The instructor will act as the chairperson for the conference. He will function as a non-partisan presiding officer. Students should conduct themselves with proper decorum. Honest disagreement on the issues is one thing, name-calling or personal insults are not acceptable behavior.  Students should be prepared to enter into negotiations outside of class. Politics is the art of negotiation, compromise and finding ways of narrowing differences on issues.

Students should be prepared to use multiple sources of information on the simulation. Obviously, the textbook on the Middle East is a good place to start to gain an understanding of the issues. Most states including Israel and the Palestinian authority have websites that contain good information. The instructor's personal website also has useful links that might aid your research. Finally, the instructor will place issues on reserve in the Library which may be used to facilitate research and discussion.

EXAMINATIONS AND GRADES

There will be three examinations in this course. These examinations will be of the essay variety, requiring you to analyze and synthesize information. Great reliance is placed on you ability to express your ideas accurately and forcefully in written form.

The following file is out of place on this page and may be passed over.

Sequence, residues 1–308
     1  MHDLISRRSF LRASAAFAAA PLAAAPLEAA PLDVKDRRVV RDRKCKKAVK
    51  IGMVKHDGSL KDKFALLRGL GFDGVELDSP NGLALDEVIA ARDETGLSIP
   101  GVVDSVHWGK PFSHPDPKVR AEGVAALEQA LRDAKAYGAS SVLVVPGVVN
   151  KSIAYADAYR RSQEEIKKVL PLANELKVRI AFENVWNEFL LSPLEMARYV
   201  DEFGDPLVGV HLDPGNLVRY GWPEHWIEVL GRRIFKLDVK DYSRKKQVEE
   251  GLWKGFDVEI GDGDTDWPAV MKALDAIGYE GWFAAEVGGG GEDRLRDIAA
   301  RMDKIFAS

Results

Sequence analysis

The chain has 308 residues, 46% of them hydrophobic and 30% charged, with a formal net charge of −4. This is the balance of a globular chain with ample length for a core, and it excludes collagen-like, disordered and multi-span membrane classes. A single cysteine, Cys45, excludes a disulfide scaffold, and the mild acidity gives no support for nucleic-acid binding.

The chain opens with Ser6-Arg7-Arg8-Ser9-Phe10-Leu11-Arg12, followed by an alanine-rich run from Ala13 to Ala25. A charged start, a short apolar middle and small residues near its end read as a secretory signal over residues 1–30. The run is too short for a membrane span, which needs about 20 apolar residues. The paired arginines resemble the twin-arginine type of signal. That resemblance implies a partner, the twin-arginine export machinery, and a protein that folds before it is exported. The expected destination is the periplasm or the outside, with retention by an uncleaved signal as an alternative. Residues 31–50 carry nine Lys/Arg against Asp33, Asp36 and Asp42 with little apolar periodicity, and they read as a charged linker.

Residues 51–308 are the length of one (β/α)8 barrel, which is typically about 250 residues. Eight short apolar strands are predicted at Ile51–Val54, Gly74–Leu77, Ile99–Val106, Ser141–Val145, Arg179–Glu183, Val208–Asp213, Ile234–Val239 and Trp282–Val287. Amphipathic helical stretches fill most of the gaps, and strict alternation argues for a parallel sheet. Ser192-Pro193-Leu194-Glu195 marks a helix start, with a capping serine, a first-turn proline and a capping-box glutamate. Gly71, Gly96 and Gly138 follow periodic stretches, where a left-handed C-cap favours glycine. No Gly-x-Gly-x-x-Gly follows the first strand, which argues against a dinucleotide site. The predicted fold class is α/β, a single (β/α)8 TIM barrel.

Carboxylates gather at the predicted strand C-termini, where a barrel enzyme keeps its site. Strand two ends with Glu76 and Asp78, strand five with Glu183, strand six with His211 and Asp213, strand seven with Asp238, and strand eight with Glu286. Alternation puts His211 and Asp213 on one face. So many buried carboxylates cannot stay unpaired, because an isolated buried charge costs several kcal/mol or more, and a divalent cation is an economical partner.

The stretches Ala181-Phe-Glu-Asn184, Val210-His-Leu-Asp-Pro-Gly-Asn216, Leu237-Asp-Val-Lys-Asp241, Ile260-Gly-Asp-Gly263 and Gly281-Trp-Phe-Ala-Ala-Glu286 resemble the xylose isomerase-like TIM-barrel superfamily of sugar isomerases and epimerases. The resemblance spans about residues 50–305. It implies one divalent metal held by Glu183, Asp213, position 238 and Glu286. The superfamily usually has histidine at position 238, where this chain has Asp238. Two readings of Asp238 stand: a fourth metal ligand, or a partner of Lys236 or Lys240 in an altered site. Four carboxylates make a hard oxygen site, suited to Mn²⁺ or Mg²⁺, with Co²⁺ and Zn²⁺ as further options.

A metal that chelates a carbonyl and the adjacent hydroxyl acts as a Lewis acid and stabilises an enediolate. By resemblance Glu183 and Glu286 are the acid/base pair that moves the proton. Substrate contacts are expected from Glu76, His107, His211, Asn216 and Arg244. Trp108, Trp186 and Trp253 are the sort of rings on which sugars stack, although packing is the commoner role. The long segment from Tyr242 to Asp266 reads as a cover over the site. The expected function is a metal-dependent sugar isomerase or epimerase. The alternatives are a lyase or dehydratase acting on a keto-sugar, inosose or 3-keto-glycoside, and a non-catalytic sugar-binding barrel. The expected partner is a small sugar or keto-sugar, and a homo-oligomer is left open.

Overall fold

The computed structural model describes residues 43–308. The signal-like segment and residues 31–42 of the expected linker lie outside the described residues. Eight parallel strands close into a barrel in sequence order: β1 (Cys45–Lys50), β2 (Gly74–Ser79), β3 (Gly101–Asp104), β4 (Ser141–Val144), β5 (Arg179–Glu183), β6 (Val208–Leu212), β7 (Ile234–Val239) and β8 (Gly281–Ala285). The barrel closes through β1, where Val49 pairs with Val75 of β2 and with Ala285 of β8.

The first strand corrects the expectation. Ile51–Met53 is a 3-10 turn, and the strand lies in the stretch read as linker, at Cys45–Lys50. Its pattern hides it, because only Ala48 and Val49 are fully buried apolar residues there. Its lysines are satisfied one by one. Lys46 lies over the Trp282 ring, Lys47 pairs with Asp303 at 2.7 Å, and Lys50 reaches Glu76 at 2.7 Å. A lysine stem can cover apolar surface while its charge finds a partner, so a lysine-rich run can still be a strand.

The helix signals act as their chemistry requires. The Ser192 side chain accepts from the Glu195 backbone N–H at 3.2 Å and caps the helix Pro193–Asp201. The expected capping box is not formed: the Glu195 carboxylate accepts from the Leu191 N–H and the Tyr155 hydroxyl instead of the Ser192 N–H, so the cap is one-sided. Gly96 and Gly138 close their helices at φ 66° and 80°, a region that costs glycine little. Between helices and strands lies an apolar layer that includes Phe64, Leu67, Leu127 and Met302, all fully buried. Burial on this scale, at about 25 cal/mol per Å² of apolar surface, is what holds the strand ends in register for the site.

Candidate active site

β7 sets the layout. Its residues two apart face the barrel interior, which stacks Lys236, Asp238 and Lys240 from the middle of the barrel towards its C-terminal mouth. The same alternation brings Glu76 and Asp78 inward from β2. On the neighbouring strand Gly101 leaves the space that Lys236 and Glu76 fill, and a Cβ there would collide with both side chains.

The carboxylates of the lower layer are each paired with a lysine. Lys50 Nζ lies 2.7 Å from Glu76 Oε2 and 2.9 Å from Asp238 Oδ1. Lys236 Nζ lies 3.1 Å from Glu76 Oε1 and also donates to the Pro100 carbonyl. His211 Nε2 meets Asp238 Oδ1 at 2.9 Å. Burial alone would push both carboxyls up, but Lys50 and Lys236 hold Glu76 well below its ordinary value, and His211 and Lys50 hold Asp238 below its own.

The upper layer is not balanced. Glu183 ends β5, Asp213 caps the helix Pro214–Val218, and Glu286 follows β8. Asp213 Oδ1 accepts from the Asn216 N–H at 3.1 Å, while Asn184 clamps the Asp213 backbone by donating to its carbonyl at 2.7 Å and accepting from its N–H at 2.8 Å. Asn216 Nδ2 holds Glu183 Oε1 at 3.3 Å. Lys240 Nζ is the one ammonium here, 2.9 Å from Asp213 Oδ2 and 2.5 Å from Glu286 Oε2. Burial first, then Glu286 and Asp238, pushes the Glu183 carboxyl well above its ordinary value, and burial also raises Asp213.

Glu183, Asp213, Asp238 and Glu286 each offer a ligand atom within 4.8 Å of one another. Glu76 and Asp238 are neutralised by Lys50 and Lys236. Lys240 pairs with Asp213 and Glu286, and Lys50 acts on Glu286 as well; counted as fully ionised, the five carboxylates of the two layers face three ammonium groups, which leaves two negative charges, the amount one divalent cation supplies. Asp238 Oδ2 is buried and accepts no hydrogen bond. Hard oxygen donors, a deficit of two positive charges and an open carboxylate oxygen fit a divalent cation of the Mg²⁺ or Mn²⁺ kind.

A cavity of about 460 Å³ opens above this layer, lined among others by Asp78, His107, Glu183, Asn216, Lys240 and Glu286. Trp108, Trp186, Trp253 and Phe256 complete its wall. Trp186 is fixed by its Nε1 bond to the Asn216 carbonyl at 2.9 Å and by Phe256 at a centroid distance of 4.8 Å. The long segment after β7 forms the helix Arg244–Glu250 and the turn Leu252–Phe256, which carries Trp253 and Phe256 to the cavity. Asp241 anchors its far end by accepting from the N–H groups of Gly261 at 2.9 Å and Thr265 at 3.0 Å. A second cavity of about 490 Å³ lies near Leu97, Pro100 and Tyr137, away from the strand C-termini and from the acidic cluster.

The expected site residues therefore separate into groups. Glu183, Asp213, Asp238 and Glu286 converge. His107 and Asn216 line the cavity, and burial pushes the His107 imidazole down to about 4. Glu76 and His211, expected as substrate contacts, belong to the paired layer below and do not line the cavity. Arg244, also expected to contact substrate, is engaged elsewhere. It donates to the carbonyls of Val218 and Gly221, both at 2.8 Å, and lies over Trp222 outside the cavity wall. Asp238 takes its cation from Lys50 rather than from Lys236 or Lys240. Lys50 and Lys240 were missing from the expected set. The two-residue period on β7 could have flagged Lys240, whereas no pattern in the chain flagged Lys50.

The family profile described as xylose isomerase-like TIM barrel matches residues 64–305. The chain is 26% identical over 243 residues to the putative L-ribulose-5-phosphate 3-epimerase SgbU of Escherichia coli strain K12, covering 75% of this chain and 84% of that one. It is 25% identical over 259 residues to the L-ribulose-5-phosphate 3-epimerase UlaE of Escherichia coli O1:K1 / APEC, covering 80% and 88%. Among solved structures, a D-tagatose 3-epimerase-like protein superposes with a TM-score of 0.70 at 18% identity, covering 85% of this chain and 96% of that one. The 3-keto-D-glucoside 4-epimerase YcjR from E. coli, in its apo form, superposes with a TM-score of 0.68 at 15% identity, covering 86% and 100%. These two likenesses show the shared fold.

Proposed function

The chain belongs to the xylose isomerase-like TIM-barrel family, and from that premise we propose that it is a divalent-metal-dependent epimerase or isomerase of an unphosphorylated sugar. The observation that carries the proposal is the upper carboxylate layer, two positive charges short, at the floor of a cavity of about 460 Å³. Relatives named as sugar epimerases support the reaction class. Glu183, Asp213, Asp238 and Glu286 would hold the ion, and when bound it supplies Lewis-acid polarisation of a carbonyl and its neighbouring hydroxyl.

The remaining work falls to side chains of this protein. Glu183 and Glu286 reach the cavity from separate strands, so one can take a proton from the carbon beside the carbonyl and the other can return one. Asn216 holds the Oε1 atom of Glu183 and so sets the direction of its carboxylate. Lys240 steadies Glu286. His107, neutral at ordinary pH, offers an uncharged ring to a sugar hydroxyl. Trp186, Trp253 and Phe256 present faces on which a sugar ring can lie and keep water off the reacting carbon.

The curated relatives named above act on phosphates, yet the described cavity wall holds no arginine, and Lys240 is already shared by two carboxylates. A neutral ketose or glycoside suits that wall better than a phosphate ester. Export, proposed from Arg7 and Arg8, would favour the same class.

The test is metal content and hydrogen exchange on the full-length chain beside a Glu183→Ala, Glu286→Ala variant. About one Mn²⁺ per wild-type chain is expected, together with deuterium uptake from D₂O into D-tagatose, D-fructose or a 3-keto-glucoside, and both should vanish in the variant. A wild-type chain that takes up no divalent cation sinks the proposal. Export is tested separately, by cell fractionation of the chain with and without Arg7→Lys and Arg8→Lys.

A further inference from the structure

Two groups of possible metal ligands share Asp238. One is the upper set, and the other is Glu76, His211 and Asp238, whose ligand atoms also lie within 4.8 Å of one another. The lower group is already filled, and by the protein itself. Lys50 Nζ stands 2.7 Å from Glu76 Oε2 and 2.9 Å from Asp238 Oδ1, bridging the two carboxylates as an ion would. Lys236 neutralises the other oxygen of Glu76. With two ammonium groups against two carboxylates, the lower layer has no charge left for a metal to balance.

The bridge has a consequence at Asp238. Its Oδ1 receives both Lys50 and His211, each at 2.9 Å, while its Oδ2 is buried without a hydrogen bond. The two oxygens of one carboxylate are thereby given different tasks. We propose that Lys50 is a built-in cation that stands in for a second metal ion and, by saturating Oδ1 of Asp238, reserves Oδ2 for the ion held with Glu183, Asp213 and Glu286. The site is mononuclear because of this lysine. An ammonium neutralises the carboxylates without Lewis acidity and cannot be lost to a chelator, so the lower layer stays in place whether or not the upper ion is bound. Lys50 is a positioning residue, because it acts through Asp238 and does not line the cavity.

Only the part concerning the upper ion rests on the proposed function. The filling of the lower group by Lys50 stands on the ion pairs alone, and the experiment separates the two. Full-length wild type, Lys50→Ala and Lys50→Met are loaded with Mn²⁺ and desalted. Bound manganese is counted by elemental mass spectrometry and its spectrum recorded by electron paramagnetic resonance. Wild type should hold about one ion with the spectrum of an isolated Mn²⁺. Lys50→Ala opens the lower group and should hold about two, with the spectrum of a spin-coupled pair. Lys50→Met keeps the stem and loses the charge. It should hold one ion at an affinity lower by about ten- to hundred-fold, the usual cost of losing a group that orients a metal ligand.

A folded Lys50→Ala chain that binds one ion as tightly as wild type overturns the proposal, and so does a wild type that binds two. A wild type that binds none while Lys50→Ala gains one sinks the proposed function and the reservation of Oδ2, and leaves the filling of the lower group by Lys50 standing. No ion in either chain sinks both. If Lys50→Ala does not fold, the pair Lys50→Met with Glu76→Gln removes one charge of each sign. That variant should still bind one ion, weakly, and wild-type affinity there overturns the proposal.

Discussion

The examinations will be generated form the lectures, textbooks, reserve readings class discussions, and AV programs used during the semester.   When reading the textbooks and reserve readings, students should pay particular attention to the point of view or the author or thesis that is being put forward.  Mere recitation of factual information is useful but not sufficient to do well on examinations.   Each examination will count 20% of your grade.  Class participation based on your willingness to raise and answer questions in discussions will count 20% of our grade.  The final 20% of your grade will be based on your participation and written policy paper on the Middle East simulation

60%

Total of Three Examinations

(300 points)  

20%

Class Participation and Discussion

(100 points)

20%

Middle East Paper and Simulation

(100 points)

    500 points

 Grades for the course are based on the following formula:

A=

500-450 points

90%

B=

450-400 points

80%

C=

400-350 points

70%

D=

350-300 points

60%

F=

300-250 points

50%

TEXTBOOKS / RESERVE READINGS
Most of the textbook reading for this class that is listed in the syllabus will be on reserve in the library.    It is imperative that students read these works before class so they can participate in class discussions.  Students will only be held responsible for the required readings not the suggested readings.  The latter works are included on the syllabus because they represent classic works that have influenced the field of international relations.